Oil Revenue Continues To Fund South Sudan War


A new investigation into South Sudan’s violent conflict marred with famine and a trail of atrocities has revealed that Sudan’s political leadership is routing millions of dollars from oil revenues to fund the ongoing four-year civil war. Documents reviewed by Global Witness, an organisation that fights exploration of natural resources, discovered that South Sudan’s leaders are using oil revenues to grow their personal bank accounts and terrorize civilians. The investigation details how President Salva Kiir has direct control of the country’s state-owned oil company, Nile Petroleum Corporation, or Nilepet, which is directly linked to financing military operations, arms transfers to ethnic militias, and the financially benefiting Mr Kiir’s closest allies.

Nilepet acts as a vehicle through which South Sudan creates and maintains commercial relationships in the global oil industry. The report details how between 2014 and 2015, the oil company paid more than US$80 million to politicians, government agencies, military officials, and private companies in relation to the conflict. These hundreds of millions of dollars have been used to finance ethic militias, military operations and conceal the looting of millions in ‘letters of credit’ intended to help imports. This diversion of funds from oil fields into the conflict illustrates how Nilepet has become the vehicle of choice for politicians and connected elites to evade scrutiny of financial transactions and allow the South Sudanese government to drive cycles of violence and oppression. As it’s a private company, Nilepet has been able to finance military operations in secrecy. Nilepet has adamantly denied the allegations, suggesting that Global Witnesses’ evidence has been forged. President Kiir’s spokesman Atny Wek Ateny also rejected the reports, arguing that “such reports are only intended to further polarize the country. Nilepet and the oil in South Sudan are the only things that have helped the government to deliver its services.”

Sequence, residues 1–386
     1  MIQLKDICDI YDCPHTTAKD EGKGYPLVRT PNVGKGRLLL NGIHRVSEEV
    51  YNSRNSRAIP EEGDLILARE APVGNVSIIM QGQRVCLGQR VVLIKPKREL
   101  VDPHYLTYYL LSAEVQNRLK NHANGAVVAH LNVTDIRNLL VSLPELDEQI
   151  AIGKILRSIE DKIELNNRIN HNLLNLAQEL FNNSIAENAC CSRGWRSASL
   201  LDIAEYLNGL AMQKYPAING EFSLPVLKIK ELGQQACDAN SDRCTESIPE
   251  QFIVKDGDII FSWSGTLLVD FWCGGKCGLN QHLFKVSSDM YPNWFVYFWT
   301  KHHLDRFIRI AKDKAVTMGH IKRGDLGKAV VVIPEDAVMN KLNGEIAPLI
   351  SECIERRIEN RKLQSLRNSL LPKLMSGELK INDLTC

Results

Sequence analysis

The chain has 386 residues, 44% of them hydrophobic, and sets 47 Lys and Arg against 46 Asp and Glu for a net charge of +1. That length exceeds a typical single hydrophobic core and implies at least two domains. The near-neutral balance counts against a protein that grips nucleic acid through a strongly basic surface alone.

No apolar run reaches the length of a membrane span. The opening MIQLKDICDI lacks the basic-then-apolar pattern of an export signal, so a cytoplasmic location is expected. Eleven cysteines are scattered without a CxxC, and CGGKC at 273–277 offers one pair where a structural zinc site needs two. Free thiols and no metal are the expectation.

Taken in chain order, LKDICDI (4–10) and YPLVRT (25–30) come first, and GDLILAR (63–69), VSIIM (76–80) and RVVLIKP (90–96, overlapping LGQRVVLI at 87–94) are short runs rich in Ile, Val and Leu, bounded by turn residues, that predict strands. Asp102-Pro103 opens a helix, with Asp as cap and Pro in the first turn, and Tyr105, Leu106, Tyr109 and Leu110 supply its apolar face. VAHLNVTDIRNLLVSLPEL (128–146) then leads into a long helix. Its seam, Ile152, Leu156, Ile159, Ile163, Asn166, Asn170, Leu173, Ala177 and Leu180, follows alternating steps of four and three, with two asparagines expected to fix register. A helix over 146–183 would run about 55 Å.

South Sudan has been plagued by an ethically charged civil war ravaging the new state since late 2013, with fighting predominately pitting opposing forces loyal to Kiir, a Dinka, against rebels linked to former vice president Riek Machar, a member of the Neur group. The United States and other allies have pressured South Sudan to halt the violent conflict, with the United States imposing sanctions on some South Sudanese leaders as well as implementing an arms embargo last month. United Nations reports identified more than 40 South Sudan military officers responsible for crimes against humanity and war crimes, including mutilations, killing of civilians, and sexual crimes. Erupting less than two years after the country declared independence from Sudan, the violent war has lead to tens of thousands of deaths and forced over 4 million South Sudanese civilians to escape their homes, instigating Africa’s largest refugee crisis since the 1994 Rwandan genocide. More than 7 million people are at risk of famine as a result of the war disrupting necessary food production and markets.

While innocent civilians continue to suffer a senseless and brutal war, Nilepet continues to finance military operations without scrutiny or oversight. In order to confront this rampant impunity and foster economic conditions for peace, there must be a renewed focus on the economic drivers of the South Sudanese conflict. As Nilepet is a critical component of the war economy, the international community and international organisations must implement appropriate sanctions to diminish the power of this company, and therefore prohibit powerful elites to use it as a vehicle to foster South Sudan’s war. Since Nilepet depends on commodity traders and international refineries to refine the fuel, and therefore sell the commodity, these commercial partners must hold Nilepet accountable. The campaign leader of Global Witness, Michael Gibb, argued that the partners’ indifference amounts to complicity in the face of this clear evidence of the company’s role in the war economy of South Sudan. International companies should use this opportunity to drive reform and transparency at this critical moment in South Sudan’s war.